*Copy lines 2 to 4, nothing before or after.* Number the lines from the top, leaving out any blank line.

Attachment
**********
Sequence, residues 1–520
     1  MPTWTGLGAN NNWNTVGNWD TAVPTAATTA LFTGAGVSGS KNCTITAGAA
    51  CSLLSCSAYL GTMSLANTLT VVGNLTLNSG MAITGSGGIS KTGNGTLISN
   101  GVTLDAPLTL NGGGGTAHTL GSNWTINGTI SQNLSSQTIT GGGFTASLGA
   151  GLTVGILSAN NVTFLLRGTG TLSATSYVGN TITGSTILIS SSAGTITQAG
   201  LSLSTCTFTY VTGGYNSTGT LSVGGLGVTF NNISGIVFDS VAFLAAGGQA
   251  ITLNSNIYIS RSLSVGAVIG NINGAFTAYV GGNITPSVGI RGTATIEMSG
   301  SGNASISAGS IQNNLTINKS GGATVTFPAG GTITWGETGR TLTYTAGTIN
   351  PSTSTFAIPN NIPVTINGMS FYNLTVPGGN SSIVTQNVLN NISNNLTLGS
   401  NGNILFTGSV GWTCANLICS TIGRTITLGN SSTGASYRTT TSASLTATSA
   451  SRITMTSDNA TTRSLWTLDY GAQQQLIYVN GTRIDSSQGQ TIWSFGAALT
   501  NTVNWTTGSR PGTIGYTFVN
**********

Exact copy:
     1  MPTWTGLGAN NNWNTVGNWD TAVPTAATTA LFTGAGVSGS KNCTITAGAA
    51  CSLLSCSAYL GTMSLANTLT VVGNLTLNSG MAITGSGGIS KTGNGTLISN
   101  GVTLDAPLTL NGGGGTAHTL GSNWTINGTI SQNLSSQTIT GGGFTASLGA